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Enhanced persistence in the colonic microbiota of Escherichia coli strains belonging to phylogenetic group B2: role of virulence factors and adherence to colonic cells.

Journal article
Authors Forough Nowrouzian
Ingegerd Adlerberth
Agnes E Wold
Published in Microbes and infection / Institut Pasteur
Volume 8
Issue 3
Pages 834-40
ISSN 1286-4579
Publication year 2006
Published at Institute of Biomedicine
Institute of Biomedicine, Department of Infectious Medicine
Pages 834-40
Language en
Keywords Adolescent, Bacterial Adhesion, physiology, Cell Line, Child, Colon, cytology, microbiology, Escherichia coli, classification, cytology, metabolism, pathogenicity, Female, Humans, Phenotype, Phylogeny, Virulence Factors, genetics, metabolism
Subject categories Microbiology in the medical area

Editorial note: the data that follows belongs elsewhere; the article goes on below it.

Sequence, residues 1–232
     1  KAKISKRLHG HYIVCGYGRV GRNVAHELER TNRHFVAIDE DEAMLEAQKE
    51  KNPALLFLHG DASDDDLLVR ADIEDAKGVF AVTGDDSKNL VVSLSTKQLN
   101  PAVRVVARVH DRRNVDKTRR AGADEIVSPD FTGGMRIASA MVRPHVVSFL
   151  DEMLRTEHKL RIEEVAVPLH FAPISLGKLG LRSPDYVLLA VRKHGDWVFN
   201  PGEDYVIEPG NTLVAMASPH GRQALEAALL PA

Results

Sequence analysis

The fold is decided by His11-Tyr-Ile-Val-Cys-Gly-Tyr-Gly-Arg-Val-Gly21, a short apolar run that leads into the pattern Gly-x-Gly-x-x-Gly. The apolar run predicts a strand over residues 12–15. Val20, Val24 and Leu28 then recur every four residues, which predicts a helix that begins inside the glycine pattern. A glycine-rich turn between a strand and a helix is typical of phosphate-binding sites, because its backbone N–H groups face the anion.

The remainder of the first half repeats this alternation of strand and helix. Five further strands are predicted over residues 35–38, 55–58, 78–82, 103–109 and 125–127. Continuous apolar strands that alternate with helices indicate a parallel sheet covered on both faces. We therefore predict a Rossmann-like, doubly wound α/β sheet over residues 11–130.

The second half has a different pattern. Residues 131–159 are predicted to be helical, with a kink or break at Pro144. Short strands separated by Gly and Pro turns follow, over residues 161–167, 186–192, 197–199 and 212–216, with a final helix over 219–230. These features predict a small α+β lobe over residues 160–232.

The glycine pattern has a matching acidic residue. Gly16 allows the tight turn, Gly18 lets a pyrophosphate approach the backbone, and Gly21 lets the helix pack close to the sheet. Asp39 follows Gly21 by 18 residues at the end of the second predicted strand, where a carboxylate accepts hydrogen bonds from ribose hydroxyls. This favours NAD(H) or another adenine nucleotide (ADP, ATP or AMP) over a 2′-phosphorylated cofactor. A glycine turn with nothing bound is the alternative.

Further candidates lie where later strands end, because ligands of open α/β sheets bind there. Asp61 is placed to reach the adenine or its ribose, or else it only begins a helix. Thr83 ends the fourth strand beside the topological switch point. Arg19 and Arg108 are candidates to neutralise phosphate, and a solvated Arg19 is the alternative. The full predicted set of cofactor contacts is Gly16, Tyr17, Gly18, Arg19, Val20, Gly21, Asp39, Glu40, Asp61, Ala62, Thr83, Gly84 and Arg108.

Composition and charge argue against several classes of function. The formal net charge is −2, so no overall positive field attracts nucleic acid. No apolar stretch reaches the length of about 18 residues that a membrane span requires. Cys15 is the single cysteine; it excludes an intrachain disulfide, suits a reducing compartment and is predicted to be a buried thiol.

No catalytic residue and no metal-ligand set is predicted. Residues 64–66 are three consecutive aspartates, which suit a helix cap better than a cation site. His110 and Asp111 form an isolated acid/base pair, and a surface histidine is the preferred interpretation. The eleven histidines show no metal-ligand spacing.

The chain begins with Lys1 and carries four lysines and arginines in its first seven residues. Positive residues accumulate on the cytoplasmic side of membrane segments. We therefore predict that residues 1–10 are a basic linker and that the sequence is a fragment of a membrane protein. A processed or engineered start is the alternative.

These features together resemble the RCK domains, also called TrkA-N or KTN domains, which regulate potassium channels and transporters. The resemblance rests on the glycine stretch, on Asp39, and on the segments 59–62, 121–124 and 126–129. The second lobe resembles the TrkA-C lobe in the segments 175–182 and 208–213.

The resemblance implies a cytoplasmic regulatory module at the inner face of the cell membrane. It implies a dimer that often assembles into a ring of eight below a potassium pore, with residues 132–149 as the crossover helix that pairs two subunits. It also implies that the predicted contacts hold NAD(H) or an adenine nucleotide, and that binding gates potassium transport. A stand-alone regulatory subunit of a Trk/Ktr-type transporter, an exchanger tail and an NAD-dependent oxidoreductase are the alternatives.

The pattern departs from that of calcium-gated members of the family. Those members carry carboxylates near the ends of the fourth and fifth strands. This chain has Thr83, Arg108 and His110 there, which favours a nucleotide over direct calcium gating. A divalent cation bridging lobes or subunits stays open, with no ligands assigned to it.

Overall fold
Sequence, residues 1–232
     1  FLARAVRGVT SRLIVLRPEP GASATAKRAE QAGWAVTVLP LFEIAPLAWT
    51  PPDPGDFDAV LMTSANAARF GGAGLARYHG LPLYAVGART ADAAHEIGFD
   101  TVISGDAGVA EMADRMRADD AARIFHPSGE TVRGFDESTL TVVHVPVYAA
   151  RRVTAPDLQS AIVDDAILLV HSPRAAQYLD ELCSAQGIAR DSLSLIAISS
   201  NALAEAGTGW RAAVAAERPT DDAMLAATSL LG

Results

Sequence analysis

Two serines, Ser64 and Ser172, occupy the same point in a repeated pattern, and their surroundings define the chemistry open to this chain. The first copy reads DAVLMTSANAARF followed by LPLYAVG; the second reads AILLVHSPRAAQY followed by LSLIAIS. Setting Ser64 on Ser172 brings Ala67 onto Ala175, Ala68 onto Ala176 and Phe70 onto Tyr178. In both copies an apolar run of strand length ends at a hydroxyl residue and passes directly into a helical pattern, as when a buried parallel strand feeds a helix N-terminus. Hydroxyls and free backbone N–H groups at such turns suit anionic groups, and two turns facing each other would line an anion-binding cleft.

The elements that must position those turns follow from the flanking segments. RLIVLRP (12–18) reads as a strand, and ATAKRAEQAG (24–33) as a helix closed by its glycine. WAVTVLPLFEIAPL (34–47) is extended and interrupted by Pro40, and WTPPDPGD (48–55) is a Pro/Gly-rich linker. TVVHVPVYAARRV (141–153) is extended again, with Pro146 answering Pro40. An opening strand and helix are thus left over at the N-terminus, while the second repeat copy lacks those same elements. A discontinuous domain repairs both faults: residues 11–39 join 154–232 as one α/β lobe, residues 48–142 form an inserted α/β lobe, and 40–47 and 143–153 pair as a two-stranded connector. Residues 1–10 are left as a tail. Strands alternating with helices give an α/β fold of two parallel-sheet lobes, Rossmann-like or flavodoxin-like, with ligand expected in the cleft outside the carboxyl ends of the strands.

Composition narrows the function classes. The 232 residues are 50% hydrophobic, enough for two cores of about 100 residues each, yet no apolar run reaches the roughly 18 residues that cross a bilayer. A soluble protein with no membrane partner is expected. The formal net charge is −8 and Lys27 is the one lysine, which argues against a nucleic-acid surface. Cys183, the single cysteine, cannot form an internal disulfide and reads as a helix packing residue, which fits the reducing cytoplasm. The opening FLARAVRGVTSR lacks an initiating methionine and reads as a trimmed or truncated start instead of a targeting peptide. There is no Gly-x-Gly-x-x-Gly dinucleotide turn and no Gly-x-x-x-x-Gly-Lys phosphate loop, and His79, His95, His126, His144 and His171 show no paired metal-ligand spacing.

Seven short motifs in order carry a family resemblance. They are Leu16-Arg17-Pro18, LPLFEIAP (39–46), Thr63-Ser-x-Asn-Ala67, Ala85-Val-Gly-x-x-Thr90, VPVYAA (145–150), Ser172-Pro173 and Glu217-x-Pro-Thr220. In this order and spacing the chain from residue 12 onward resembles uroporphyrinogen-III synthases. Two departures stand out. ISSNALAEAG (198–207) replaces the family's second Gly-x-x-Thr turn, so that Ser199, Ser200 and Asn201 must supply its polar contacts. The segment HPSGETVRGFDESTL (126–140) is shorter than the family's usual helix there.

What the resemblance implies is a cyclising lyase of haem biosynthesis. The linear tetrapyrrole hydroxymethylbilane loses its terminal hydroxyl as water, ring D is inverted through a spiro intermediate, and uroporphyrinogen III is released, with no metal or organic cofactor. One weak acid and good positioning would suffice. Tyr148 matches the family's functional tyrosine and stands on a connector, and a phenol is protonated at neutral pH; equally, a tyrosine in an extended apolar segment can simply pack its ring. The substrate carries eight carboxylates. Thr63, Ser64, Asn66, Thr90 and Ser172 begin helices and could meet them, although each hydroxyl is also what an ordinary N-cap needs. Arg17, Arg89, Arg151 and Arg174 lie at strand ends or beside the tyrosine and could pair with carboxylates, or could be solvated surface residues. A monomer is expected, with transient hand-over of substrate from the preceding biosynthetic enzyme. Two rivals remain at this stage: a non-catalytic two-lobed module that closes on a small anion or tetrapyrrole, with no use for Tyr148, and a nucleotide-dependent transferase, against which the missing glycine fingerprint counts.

Escherichia coli segregates into four phylogenetic groups, A, B1, B2 and D. B2 and D strains usually possess virulence factors, cause most extra-intestinal infections and have superior capacity to persist in the infantile colonic microbiota. Here, we investigated 24 resident and 37 transient E. coli strains from the colonic microbiota of 13 Swedish schoolgirls sampled in the 1970s with respect to phylogenetic group identity, carriage of virulence factor genes, O and K antigens and mannose-sensitive and -resistant adherence to the colonic cell line HT-29. Resident strains more often belonged to phylogenetic group B2 than transient strains (38% vs 5% p=0.004). In contrast, transient strains more often than resident strains belonged to group A (57% vs 29%, p=0.04) or B1 (24% vs 13%, p=0.33). Most B2 strains belonged to uropathogenic O serogroups, carried genes for P fimbriae, K5 capsule and hemolysin and adhered in higher numbers to HT-29 cells via mannose-resistant mechanisms than strains from the other groups. Further, among strains carrying genes for P or S fimbriae, those belonging to group B2 adhered in highest numbers. In logistic regression, genes for P fimbriae and aerobactin predicted persistence in the colonic microbiota (p=0.050 and 0.056, respectively), while B2 origin did not reach significance as an independent variable (p=0.16). Our results indicate that virulence factors carried by group B2 strains contribute to their strong colonizing capacity. These factors may actually be regarded as fitness factors in the human gut.

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